Revell 1/48 Mercury & Gemini Spacecraft

KIT #: 1834
DECALS: Each Mercury and generic Gemini
REVIEWER: Richard F.


By the end of 1963, the "Space Race" was really heating up. The USSR had leapt to a great start in what President Kennedy called "space achievement" - launching humanity's first satellite into orbit in 1957 and its first human, Yuri Gagarin, in April 1961. The little Mercury spacecraft was America's first answer. A tiny tin can with a man inside, it only had a window and flight controls because the test pilots who were the "Original Seven" astronauts demanded it. Mercury flew two sub-orbital and four orbital flights in the two years from May 1961. By then the Soviets had flown six orbital missions, including the first man, and first woman, in space.

The only flight in 1964 was the Soviet Voskhod 1, the first multi-crew mission with three cosmonauts. It was a great achievement, on the face of it, but behind the scenes it was a tremendous risk. The three flew without spacesuits, because the ship was such a tight squeeze. In 1971 this would be shown to be foolhardy, when three cosmonauts on a Soyuz flight died when the air leaked out of their craft during re-entry. The first flight of 1965 was another Soviet achievement - Alexei Leonov's first-ever human spacewalk. Again, this turned out to have been incredibly risky, as Leonov's spacesuit ballooned up. He was almost unable to get back inside, and years later reportedly said he had a suicide pill with him, just in case. Still, the US appeared to be behind the pace.

But the tide turned in 1965. After Leonov's flight, the next ten missions over 1965 and 1966 were all American. The remarkable Gemini program was in full swing. If Mercury was a tin can with a man inside, Gemini was a sports car or fighter jet. A two-seat craft capable of autonomous manouvers and able to rendezvous and dock with other spacecraft, Gemini was the absolute cutting edge of aerospace technology. In ten flights, five each year, Gemini astronauts pulled off the first real space rendezvous, the first docking (with the Agena booster rocket), the first working spacewalk (after several tries) where the astronaut could really work outside, rather than just float around, and demonstrated a host of other space techniques for the first time. It wasn't all plain sailing - there was a close call on Neil Armstrong's mission that was only averted by his piloting skill.

But by the end of Gemini in November 66, the US was in a very strong position for the push to the moon.

And yet 1967 was a terrible year for both countries. The notorious launch pad fire of Apollo 1 killed astronauts Grissom, White and Chaffee in January. And the only spaceflight that year ended in disaster when Cosmonaut Komarov discovered that his Soyuz 1 parachute was faulty. He crashed to his death in April.

The US bounced back faster. Only the next year, the Apollo 8 had circumnavigated the moon, and in June, 1969...well, the rest is history.


Revell is apparently re-releasing this fairly ancient kit soon. I bought mine when it was re-released in the mid-1990s. It first came out before the Gemini program in the early 1960s. You can tell this in two ways. First, the decals only really provide the full markings for the Mercury spacecraft, and second, the Gemini kit contains the proposed skid landing gear that was going to be on Gemini but was later canned.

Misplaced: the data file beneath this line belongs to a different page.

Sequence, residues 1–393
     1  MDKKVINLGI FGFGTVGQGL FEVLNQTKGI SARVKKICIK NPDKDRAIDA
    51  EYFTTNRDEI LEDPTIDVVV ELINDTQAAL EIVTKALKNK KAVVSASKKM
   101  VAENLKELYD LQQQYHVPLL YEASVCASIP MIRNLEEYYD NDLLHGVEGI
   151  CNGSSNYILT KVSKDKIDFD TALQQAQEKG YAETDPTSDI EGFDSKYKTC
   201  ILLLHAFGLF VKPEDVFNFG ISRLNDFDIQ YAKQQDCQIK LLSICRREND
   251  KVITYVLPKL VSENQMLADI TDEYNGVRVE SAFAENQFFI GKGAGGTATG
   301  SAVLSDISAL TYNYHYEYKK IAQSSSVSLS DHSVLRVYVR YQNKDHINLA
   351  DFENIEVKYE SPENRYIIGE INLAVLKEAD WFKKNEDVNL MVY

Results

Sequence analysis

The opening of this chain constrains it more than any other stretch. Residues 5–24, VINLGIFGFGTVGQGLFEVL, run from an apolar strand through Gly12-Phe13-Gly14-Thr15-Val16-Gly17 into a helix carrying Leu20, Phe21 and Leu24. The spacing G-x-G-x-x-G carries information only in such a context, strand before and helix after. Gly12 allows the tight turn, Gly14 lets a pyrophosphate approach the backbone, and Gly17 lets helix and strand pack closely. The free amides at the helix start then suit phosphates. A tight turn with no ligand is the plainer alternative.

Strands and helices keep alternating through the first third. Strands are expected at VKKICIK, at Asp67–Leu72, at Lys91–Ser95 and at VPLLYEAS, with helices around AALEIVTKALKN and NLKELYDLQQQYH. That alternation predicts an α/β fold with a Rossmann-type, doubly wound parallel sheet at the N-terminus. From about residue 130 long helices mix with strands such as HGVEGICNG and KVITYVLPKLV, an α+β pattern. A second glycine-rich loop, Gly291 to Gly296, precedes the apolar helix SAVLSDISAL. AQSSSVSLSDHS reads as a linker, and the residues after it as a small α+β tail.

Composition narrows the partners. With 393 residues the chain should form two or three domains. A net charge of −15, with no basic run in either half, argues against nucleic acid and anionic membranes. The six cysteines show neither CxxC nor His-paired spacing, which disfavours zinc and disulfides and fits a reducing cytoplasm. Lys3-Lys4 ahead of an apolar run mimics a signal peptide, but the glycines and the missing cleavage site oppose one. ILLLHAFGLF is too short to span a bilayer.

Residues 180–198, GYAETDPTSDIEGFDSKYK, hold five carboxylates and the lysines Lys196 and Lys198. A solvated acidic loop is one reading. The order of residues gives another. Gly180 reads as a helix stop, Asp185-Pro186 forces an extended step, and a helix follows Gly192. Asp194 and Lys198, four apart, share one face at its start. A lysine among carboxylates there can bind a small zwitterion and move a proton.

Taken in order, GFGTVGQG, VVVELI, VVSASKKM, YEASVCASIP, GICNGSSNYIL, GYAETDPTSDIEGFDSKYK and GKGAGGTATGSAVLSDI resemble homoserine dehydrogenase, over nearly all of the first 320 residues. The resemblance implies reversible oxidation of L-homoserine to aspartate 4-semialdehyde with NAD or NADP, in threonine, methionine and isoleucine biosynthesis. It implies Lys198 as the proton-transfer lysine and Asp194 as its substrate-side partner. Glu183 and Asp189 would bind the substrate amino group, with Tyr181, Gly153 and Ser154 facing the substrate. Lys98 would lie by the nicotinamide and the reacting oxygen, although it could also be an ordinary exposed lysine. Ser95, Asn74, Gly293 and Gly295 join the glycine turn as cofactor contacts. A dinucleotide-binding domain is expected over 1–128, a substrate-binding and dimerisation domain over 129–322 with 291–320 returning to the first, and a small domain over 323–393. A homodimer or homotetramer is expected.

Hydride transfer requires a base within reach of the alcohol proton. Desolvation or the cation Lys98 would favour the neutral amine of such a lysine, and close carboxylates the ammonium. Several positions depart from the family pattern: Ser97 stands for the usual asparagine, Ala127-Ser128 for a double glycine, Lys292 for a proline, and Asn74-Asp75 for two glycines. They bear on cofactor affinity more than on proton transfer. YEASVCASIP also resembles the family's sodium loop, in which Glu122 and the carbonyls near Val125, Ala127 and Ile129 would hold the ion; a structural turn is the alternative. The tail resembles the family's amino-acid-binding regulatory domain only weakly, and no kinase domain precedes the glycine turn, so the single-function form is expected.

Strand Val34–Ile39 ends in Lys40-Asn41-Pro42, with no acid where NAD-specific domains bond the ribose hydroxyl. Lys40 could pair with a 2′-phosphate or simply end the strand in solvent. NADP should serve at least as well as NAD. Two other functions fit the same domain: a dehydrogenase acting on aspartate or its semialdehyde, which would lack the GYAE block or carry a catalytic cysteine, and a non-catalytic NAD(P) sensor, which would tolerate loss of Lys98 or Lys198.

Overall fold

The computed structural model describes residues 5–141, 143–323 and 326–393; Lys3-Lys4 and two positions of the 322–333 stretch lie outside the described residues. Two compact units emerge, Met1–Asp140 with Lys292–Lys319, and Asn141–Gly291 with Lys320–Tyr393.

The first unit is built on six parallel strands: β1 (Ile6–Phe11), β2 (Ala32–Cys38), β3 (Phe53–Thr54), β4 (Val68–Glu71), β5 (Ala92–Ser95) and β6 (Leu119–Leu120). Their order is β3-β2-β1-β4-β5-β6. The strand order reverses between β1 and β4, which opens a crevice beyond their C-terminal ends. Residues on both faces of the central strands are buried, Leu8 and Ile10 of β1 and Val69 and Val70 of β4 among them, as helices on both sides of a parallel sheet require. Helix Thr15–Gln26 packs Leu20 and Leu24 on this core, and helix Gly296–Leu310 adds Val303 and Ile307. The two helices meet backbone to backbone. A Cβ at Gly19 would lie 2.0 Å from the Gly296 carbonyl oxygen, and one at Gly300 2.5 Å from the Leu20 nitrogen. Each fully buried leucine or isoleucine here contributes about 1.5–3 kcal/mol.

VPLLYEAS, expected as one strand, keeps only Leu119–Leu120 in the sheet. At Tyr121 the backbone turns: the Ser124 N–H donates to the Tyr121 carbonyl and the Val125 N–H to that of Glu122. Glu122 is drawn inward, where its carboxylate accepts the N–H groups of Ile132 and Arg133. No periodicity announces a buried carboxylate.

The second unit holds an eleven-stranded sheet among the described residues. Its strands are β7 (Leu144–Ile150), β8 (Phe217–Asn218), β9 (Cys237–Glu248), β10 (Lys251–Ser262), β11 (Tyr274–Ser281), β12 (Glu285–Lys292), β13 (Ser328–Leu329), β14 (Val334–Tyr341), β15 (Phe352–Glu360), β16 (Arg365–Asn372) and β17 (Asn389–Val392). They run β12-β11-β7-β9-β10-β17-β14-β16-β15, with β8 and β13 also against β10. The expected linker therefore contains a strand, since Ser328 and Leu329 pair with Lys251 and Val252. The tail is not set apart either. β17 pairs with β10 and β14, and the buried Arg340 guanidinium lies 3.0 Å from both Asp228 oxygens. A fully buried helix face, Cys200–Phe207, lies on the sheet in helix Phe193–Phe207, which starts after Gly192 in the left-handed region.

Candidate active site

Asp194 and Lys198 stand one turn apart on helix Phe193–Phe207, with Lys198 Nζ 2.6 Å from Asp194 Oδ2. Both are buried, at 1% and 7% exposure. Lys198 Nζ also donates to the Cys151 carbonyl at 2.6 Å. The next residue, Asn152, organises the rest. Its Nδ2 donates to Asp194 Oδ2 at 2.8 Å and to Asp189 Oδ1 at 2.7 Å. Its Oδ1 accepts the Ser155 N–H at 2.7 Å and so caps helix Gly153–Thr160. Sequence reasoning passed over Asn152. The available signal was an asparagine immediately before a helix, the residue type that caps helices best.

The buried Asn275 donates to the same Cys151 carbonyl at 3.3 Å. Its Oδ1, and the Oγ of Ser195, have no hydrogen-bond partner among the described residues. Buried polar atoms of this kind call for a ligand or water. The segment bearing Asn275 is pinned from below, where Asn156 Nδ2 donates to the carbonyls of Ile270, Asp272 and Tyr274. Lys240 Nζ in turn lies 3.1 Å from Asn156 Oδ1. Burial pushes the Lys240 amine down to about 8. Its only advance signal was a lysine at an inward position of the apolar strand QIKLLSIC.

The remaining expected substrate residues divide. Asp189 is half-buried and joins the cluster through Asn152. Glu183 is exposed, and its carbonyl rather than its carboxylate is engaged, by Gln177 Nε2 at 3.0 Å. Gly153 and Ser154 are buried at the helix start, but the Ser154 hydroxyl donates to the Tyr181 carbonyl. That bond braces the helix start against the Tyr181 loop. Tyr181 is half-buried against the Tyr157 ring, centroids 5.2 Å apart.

It's a great kit though. I've seen both Mercury and Gemini spacecraft at museums in the US, and for my money, this kit captures the surface texture of the real thing quite nicely. Yes, I am sure it is a bit overscale, but it looks right to me.

You see these things in real life and realise how tiny they are. Gemini 7 is on display in Washington DC and when you look inside, you wonder how on Earth (I mean, how in Heaven) Borman and Lovell survived in there for 14 days. As one of them said, it was like living in a trash can for 2 weeks. Inside the tiny Gemini model, and even smaller Mercury, there are pretty decent efforts at interior detail, especially the Gemini control panels. The kits both allow you to have the spacecraft doors open and each one comes with an astronaut to go inside.

I appear to be missing my member of the Mercury Seven but the instructions indicate he came with the kit. He's probably down at the Chevy dealer picking up his free Corvette.


As you can see, these are pretty basic. I don't know how will mine will have held up since the mid 1990s. They'll no doubt need some serious help to fit smoothly over the wrinkled outer surface of the spacecraft. You get "United States" and some flags, and then for the Mercury missions you also get a mission insignia.


There are a couple of update sets available especially for this kit from Real Space Models. The Gemini kit upgrades your model to an on-orbit configuration of any of the missions (and you can find pictures to model by, especially of the rendezvous mission where each crew photographed the other). The Mercury set gives you a whole new outer shell plus some interior parts, and you can choose from the spacecraft that had portholes or the ones that had windows.

But even without those, I think this kit will give a pretty satisfying result to most builders. Serious real space modelers will want to make modifications, but the basis for a fun and rewarding build is right there in the box.

Richard F.

February 2012

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